c. LDEQ misused EJscreen by cherry-picking raw values from EJScreen to improperly dismiss environmental justice concerns.
“Not only did LDEQ exclude EJ Indexes and avoid all demographic information, the agency also wrongfully focused on the raw values for the environmental indicators instead of the percentiles. As EPA explains, percentiles actually show how a community compares to others in the state, region, or nation, while raw pollution values may actually obscure the disproportionate burdens the community faces (p. 14).”
“Welcome’s NATA Air Toxics Cancer Risk is 86th percentile for the state, 95-100th percentile for the EPA region, and 95-100th percentile for the whole nation. This is a far cry from LDEQ’s finding in its Initial Basis for Decision that Welcome’s cancer risk is ‘comparable with or less than state averages.’ But instead of revealing that crucial data and confronting the fact that the percentiles upend the agency’s conclusion that Welcome residents do not bear disproportionate environmental burdens, LDEQ just left the percentiles out of its analysis (p.14).”
d. LDEQ’s fails to rationally assess the higher cancer risk values in the 2014 NATA data.
“The 2014 NATA Air Toxics Cancer Risk value in the 2019 EJScreen Report has a +24-percentage difference between Welcome and the state average. But instead of conceding that the 2014 NATA Cancer Risk value for Welcome does not support its initial (albeit arbitrary) conclusion that area residents do not suffer a disproportionate risk of cancer from industrial air pollution, LDEQ now disputes NATA’s risk assessment method and offers other arbitrary and baseless arguments to dismiss the data that it had embraced in its Initial Basis for Decision (p. 15-16).”
“LDEQ chose to look at only the three toxic air pollutants (ethylene oxide, chloroprene, and benzene) that it says “result in an estimated cancer risk greater than or equal to 0.5 [additional cancer] cases per million persons” in both the 2011 and 2014 NATA data for the census tract that includes Welcome. LDEQ’s focus on just three pollutants is arbitrary since LDEQ omitted dozens of other toxic pollutants that contribute to cancer risk for the census tract and that are also part of the NATA (p. 18).”
“In addition, LDEQ unreasonably fails to account for the pollutants Formosa Plastics would add back into the air once operating just one mile from an elementary school and residential neighborhoods, while focusing instead on facilities up to 100 miles away. LDEQ failed to even mention that the permits it issued to Formosa Plastics allow the company to emit up to 15,400 pounds per year of ethylene oxide. Indeed, despite the fact that ethylene oxide is a potent carcinogen that EPA is trying to reduce, LDEQ has greenlighted this massive new source of ethylene oxide (one of the largest sources in the whole country) just a mile from an elementary school. (p. 19).”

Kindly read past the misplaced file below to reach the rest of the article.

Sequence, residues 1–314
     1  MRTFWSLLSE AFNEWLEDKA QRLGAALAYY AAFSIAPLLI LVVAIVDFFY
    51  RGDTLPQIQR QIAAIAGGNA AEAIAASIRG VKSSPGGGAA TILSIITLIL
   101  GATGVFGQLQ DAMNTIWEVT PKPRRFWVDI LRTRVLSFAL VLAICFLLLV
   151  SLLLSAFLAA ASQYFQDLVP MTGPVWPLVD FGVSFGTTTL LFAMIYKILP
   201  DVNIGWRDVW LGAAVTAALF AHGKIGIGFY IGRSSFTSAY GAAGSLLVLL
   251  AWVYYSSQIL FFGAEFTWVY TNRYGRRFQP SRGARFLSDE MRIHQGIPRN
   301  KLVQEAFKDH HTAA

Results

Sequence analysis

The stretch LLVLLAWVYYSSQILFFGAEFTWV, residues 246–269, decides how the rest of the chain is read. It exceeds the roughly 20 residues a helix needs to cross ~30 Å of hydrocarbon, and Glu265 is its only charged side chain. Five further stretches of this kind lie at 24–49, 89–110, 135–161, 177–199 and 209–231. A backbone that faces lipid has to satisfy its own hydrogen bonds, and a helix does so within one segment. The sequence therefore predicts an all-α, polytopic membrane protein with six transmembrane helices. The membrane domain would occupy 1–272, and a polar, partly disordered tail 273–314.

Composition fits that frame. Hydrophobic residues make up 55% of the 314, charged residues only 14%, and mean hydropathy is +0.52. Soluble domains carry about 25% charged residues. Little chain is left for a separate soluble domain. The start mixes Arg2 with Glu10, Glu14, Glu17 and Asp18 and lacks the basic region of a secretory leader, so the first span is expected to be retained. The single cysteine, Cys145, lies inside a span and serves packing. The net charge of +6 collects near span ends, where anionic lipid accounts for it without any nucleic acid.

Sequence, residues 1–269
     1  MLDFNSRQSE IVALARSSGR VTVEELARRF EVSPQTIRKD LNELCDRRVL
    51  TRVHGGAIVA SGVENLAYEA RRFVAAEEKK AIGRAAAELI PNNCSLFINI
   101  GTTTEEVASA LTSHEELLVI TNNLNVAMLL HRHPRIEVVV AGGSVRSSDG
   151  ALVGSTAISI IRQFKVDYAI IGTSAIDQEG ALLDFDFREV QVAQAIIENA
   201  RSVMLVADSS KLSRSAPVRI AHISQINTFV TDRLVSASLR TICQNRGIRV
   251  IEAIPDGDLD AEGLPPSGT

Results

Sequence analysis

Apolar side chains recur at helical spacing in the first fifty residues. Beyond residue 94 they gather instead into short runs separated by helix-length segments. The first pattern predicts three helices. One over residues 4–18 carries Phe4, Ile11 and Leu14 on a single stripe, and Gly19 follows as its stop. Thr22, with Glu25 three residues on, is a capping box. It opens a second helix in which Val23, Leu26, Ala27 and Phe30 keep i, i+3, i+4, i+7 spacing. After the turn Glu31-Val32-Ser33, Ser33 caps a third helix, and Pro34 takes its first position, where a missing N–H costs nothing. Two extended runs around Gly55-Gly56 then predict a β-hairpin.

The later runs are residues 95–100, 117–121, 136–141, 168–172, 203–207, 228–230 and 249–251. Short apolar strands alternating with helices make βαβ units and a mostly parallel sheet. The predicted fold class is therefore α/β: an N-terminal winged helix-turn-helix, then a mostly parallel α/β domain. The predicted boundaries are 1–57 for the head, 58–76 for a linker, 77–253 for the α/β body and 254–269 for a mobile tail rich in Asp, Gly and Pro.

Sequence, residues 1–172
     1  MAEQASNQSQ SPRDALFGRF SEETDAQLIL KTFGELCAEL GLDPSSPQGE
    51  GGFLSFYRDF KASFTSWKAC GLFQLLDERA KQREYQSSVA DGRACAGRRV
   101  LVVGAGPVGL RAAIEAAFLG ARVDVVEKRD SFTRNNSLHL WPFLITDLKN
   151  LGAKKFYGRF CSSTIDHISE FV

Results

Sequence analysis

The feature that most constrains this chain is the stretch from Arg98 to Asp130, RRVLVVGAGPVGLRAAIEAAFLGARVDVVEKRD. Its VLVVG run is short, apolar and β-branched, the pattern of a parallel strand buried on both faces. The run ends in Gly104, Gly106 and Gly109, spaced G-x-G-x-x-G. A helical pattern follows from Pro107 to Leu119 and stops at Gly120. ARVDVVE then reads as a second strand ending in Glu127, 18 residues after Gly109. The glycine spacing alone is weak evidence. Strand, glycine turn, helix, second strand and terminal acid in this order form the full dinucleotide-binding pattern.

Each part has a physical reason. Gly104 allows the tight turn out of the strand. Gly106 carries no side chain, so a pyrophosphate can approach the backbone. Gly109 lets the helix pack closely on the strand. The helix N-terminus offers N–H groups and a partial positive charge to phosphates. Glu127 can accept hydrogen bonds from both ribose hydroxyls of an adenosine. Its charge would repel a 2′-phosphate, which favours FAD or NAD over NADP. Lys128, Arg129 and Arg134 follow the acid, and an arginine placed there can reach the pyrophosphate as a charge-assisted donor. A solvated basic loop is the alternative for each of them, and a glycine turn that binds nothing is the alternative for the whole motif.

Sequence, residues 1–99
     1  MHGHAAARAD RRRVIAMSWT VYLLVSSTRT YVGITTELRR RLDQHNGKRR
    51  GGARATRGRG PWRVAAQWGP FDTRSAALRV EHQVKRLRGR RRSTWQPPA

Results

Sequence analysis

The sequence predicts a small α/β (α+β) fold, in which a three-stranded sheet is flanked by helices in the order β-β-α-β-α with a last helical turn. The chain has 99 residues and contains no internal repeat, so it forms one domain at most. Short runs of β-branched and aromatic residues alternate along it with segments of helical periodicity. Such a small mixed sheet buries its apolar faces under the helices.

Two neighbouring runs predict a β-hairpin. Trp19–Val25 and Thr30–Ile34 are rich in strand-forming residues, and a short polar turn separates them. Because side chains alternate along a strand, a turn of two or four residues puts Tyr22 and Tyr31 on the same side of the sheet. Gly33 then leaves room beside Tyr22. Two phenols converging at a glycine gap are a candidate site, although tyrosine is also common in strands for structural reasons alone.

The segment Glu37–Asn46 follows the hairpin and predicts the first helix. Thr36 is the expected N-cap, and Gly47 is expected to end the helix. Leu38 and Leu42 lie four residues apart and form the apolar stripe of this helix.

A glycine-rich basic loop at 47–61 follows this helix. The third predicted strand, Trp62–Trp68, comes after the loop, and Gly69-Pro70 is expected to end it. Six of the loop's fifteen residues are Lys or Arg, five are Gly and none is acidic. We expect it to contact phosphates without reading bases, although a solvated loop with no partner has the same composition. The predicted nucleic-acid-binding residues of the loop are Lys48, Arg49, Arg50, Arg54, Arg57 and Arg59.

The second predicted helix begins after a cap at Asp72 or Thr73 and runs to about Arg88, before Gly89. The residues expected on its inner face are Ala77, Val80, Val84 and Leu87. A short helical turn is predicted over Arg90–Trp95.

II. An objective review of the 2019 EJScreen Report shows that Welcome suffers serious disproportionate environmental harms, especially for cancer risk related to exposure to toxic pollutants.
“[O]nly five percent of people in the state, seven percent of the people in the EPA region, and four percent of people in the whole country have a higher cancer risk value associated with exposure to toxic air pollution when demographics are included. And this is without including Formosa Plastics’ massive addition of toxic air pollutants. Several other EJ Indexes are also extremely concerning, with indexes for exposure to particulate matter (i.e., soot or other particles from the industrial combustion processes), ozone, respiratory hazard index, hazardous waste proximity, and wastewater discharge proximity all over the 90th percentile as compared to the rest of the state. This means that the Welcome community is currently stressed by multiple environmental factors, which comes as no surprise as it exists in the center of the most polluted region of the country – Cancer Alley (p. 23).”
“For all the foregoing reasons, and the reasons expressed in Petitioners’ initial brief, Petitioners ask the Court to reverse LDEQ’s January 6, 2020, final decision granting the PSD Permit and 14 Title V/Part 70 Air Operating Permits, vacate the permits, and order LDEQ on remand to conduct the environmental justice analysis required as a public trustee, and address the other errors discussed in Petitioners’ initial brief (p. 25).”